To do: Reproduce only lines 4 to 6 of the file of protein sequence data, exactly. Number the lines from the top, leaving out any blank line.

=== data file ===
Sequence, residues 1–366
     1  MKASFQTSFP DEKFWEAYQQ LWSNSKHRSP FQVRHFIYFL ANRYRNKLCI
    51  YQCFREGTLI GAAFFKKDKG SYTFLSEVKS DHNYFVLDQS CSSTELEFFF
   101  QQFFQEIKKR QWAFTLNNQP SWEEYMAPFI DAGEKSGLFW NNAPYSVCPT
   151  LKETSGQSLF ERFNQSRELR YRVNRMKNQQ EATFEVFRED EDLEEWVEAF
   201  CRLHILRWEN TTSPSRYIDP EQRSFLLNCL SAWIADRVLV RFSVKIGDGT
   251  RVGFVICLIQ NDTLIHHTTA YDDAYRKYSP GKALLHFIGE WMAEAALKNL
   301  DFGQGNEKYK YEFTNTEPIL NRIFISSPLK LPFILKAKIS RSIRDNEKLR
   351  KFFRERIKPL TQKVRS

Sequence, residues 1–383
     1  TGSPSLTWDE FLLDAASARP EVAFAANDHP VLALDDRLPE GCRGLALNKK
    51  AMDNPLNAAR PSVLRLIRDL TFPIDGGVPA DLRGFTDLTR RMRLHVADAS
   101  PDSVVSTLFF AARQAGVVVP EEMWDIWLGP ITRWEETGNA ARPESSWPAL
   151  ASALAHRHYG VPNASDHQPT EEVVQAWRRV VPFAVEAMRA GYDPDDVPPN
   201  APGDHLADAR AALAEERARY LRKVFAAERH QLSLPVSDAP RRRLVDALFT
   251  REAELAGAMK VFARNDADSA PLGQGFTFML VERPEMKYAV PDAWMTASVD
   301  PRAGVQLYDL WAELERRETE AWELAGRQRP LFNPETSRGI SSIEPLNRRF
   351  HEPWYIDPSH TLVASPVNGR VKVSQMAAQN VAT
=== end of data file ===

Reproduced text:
   101  QQFFQEIKKR QWAFTLNNQP SWEEYMAPFI DAGEKSGLFW NNAPYSVCPT
   151  LKETSGQSLF ERFNQSRELR YRVNRMKNQQ EATFEVFRED EDLEEWVEAF
   201  CRLHILRWEN TTSPSRYIDP EQRSFLLNCL SAWIADRVLV RFSVKIGDGT